Tort reform is surrounded by controversy because of the differing, but equally passionate views about the subject. Each side feels such conviction about its position that it is sometimes difficult for someone who is just stepping into the fray to get a clear understanding of the issues. Here we will define in simple, easy to understand language the following three terms: tort, tort law, and tort reform. We will also give a little insight into why it is such a divisive issue.
Simply put, a tort is a wrong committed by one party toward another party that creates an undue hardship (monetary, injury) which results in legal liability for the offender, or tortfeasor. There are three types of torts in United States law: intentional, negligent and strict liability.
When referring to intentional tort, the action is typically illegal, such as an assault on someone’s body or purposefully causing damage to another’s property. Intentional torts are often easier to prove than those classified as negligent.
Negligent tort, unlike intentional tort, is not caused by an illegal action or behavior. For example, if someone absentmindedly leaves his backyard gate unlatched, allowing his dog to escape the yard, the dog owner could be liable for damages if the dog were to bite a neighbor or cause property damage. In that example, the dog owner’s actions would be labeled as negligent, but not illegal. Whether the action is intentional or not, however, the action is classified as a tort because someone suffered as a result of the actions of another. Legal liability would then be established.
Related to the third type of tort, strict liability (sometimes called absolute liability), the victim does not have to prove negligence or intent on the part of the person he is suing. Strict liability is most often used in cases of defective products, where an injury or other loss occurred as a result of the defect. Another example includes the use of what are known as ultrahazardous products, such as asbestos.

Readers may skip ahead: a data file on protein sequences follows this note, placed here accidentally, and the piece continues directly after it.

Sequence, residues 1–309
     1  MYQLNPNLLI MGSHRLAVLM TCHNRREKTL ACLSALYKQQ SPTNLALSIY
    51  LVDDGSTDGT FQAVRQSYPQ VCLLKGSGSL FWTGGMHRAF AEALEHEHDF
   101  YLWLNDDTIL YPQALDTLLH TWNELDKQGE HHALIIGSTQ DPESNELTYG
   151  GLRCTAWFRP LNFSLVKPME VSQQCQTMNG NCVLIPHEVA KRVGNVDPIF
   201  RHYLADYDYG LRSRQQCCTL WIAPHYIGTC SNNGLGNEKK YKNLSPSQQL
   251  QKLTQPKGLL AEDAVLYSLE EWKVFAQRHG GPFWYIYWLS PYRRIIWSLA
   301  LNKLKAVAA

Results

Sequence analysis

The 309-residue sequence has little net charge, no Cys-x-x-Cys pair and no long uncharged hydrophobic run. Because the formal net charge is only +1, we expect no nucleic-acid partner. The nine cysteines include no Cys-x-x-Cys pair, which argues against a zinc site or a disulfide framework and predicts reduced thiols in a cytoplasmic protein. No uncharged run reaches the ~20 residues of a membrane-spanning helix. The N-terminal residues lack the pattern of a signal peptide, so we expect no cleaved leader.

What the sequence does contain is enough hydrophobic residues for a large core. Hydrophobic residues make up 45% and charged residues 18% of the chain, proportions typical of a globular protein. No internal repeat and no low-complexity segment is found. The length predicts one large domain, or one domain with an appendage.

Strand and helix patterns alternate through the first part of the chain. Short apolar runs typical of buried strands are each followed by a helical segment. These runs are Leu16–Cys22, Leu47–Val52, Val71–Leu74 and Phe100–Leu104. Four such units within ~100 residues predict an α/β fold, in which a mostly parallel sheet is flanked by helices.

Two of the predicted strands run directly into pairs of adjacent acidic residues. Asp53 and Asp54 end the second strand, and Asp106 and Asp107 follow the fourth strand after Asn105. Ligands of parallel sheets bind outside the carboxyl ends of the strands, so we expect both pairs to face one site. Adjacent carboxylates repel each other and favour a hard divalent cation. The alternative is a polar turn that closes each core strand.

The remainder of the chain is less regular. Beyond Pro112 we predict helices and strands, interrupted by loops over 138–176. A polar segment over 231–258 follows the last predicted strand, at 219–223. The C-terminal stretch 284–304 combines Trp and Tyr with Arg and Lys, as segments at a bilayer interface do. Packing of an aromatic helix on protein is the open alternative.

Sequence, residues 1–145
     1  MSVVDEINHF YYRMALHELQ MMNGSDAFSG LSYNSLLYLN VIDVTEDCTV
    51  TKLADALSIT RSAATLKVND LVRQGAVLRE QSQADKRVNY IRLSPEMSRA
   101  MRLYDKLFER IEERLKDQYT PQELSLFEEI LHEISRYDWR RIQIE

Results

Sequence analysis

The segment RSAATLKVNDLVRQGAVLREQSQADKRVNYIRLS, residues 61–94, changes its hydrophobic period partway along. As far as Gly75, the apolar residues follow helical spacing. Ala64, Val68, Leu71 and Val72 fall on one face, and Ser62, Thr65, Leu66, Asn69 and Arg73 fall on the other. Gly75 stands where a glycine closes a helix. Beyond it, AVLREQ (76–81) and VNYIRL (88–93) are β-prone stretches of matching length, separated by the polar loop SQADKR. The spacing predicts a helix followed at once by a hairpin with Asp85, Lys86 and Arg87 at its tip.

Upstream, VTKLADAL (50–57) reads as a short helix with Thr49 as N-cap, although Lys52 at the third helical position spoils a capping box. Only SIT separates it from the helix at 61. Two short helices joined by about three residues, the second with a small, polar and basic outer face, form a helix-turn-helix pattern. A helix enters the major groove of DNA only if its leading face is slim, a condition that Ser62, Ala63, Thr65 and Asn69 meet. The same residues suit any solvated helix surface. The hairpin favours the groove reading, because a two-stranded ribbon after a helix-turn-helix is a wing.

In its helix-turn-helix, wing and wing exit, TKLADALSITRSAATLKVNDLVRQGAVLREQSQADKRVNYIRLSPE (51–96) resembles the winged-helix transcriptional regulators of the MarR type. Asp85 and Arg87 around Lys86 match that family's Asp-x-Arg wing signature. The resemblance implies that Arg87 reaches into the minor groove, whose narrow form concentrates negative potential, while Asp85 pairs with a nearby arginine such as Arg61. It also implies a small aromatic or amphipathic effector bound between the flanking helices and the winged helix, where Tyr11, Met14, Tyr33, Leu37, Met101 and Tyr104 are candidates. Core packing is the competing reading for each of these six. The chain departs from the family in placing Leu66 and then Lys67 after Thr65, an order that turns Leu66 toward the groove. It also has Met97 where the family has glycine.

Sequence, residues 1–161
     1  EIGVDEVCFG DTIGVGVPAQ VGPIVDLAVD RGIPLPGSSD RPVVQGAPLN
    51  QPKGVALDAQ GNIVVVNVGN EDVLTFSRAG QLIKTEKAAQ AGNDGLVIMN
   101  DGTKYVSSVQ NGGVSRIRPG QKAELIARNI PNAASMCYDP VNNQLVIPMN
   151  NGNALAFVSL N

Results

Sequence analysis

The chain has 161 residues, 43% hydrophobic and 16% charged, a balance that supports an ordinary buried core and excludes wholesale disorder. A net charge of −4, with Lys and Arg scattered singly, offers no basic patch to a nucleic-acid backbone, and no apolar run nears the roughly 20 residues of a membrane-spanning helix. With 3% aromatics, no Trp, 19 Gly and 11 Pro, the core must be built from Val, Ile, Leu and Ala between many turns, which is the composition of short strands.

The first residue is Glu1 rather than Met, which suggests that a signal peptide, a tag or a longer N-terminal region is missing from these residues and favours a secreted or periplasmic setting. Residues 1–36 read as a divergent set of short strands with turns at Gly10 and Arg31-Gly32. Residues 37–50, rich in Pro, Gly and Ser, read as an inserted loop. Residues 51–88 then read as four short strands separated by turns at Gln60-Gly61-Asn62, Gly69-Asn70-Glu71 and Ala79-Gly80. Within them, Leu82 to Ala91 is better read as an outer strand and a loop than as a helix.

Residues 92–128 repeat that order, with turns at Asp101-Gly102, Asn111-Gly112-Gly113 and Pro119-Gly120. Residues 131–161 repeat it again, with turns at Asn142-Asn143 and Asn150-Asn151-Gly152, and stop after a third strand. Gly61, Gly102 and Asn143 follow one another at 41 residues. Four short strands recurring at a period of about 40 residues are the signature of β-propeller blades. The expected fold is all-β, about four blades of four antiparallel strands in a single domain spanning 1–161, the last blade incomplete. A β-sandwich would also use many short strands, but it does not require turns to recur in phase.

Tort laws guide and govern the actions of the claimant, plaintiff and courts related to tort lawsuits filed in civil court. These laws differ by state, but the sections of each state’s tort laws that are most in dispute revolve around the statute of limitations and the amount of money for which a defendant can be sued.
The focus of those who seek tort reform is to reduce the amount of money an injured party can receive and to make it more difficult for victims to seek redress by narrowing the window of opportunity by shortening the statute of limitations. Proponents of tort reform, which include big business and insurance companies, claim their goal is to reduce frivolous lawsuits and keep insurance rates and product costs low. However, opponents of tort reform, including consumer advocacy groups, refute the claim that tort reform lowers consumer costs, and say that, at the very least, big business has exaggerated any positive impact reform has had on consumers. Rather, opponents claim that tort reform is merely a form of corporate welfare designed to minimize the liability of big business and insurance companies.
Tort reform is a contentious multi-layered subject that has passionate, active supporters on both sides of the argument. It’s impossible to address every aspect of the issue in a single article, so we’ve provided a simple definition of tort, tort law, and tort reform in hopes that it will help you understand the issue and reach your own conclusion about the validity of tort reform.
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